Privatising the Pakistani power sector
This case is set in 2010. It is a retrospective case that examines a 1994 policy reform and incentive framework meant to attract private sector investment for power generation in Pakistan. Inadequate power generation and distribution were long-standing development hurdles for the country – and international donors, such as the World Bank, had successfully petitioned the government of Pakistan to privatise their power sector. Privatisation, it was believed, would incentivise the necessary infrastructure investment to overcome the sector’s historic challenges.
Electrical power generation and distribution in Pakistan was originally provided by private regional utilities. These utilities were then later nationalised under the Water and Power Development Authority (WAPDA) in 1972. Despite this, there were persistent challenges related to the fuel mix and associated energy import costs, limited power generation capacity, and transmission and distribution losses.
For WAPDA to be privatised, it would have to first be corporatised and restructured into distinct profit centres with independent management and separate accounts that established a commercial track record. At the same time, investors would be incentivised to fund independent power producers (IPPs) through purchase power agreements (PPA) with the WAPDA in order to finance new capacity. However, there were numerous conflicts of interest between stakeholders themselves. Contemporary public-private partnerships can benefit from Pakistan’s 1994 policy reform by understanding what went right, and what went wrong.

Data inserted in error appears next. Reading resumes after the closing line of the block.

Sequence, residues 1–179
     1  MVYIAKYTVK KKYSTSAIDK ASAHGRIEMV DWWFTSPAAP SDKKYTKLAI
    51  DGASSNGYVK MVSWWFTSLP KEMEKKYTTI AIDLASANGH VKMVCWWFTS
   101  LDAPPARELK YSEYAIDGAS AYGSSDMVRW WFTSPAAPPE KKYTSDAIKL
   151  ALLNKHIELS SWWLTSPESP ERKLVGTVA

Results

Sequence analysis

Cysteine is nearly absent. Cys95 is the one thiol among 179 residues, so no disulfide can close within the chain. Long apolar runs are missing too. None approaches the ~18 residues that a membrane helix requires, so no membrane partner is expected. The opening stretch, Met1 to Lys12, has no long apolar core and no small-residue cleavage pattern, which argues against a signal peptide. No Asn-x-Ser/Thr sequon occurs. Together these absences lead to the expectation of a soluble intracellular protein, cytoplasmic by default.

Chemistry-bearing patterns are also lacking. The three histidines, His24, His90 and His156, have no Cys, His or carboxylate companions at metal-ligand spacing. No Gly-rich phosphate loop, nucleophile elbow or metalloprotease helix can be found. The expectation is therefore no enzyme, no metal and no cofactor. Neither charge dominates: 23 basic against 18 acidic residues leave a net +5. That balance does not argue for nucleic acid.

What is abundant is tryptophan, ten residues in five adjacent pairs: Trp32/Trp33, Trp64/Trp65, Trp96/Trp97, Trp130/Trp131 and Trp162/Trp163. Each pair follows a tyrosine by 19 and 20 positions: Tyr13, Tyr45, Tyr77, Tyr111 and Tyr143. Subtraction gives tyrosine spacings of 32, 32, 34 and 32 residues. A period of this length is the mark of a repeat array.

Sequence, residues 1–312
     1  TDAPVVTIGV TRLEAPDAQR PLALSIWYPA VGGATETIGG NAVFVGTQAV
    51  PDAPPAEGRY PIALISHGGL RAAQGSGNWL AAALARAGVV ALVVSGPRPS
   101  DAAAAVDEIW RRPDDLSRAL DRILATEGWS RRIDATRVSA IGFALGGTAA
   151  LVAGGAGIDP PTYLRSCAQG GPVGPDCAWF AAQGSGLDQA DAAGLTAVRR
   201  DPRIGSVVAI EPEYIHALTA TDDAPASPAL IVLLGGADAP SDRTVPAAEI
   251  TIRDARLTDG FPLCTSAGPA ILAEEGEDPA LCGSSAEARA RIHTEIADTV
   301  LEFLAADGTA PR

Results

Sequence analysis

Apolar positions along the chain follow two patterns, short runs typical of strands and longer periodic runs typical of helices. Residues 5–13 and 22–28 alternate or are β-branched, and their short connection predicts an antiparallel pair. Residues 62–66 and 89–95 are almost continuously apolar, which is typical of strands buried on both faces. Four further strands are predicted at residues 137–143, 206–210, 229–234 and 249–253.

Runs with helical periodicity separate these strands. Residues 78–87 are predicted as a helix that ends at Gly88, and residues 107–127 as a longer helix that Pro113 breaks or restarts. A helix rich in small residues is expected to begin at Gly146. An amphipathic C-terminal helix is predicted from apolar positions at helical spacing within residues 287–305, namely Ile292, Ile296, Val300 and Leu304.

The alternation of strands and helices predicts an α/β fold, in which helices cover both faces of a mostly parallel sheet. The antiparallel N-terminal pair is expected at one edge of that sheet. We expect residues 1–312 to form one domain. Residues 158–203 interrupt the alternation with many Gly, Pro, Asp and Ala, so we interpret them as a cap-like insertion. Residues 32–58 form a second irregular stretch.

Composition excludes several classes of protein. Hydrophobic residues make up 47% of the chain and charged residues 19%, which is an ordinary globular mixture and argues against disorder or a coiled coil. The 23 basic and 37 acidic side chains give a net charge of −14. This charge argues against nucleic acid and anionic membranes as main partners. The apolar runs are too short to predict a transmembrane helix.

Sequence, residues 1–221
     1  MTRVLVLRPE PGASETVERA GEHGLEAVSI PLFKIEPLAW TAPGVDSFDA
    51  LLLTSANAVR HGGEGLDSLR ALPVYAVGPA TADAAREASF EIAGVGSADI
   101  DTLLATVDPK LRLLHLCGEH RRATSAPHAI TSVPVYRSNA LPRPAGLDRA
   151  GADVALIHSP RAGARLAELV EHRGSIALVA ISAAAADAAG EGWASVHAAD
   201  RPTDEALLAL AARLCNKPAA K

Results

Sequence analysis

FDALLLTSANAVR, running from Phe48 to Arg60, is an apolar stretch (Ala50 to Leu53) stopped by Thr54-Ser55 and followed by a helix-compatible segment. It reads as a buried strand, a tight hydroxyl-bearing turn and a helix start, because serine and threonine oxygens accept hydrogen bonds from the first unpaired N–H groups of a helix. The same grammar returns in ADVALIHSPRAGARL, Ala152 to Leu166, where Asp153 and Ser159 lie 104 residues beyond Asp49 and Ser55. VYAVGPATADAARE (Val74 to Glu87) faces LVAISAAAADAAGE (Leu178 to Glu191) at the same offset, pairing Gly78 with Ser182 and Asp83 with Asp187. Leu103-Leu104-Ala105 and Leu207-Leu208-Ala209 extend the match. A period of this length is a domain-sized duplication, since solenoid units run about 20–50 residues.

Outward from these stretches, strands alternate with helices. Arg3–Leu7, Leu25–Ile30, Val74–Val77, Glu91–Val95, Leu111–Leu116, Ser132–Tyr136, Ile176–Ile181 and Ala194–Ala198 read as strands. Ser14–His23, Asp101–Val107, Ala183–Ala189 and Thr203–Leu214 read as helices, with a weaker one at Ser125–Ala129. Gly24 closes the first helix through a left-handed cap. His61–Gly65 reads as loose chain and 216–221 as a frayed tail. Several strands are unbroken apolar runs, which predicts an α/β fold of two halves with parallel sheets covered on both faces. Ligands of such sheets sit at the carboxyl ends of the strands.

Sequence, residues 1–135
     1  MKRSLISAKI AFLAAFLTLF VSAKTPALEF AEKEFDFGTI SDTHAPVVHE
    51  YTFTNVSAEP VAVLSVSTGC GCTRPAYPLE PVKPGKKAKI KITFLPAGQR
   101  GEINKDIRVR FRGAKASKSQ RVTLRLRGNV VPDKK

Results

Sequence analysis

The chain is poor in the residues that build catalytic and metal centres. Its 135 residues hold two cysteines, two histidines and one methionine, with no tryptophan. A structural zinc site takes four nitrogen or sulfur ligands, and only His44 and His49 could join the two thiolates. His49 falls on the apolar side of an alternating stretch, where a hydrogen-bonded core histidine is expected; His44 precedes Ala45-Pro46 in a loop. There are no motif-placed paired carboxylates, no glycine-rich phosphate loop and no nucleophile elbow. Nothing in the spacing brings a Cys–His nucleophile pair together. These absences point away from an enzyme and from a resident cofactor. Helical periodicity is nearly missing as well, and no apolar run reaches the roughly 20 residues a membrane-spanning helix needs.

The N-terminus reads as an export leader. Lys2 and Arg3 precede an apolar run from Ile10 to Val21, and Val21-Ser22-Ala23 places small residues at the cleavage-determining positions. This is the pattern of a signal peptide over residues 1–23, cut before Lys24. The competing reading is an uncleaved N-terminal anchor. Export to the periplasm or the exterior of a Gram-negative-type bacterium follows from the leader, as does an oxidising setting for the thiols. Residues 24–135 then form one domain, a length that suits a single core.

This case is targeted to participants who are interested in understanding the challenges associated with dealing with governance issues arising in public-private partnerships. It will pay special attention to complexity theory and themes related to ‘social license to operate’ and risk-sharing., Students will gain a deeper understanding of energy related issues from an economic, political and social context. The case is designed for use in advanced undergraduate, postgraduate and executive education classes.
Privatisation, Electricity, Pakistan, Stakeholder Management, Funding, Infrastructure
Asian Studies | Energy Policy | Political Science
Executive Education; Postgraduate; Undergraduate
Singapore Management University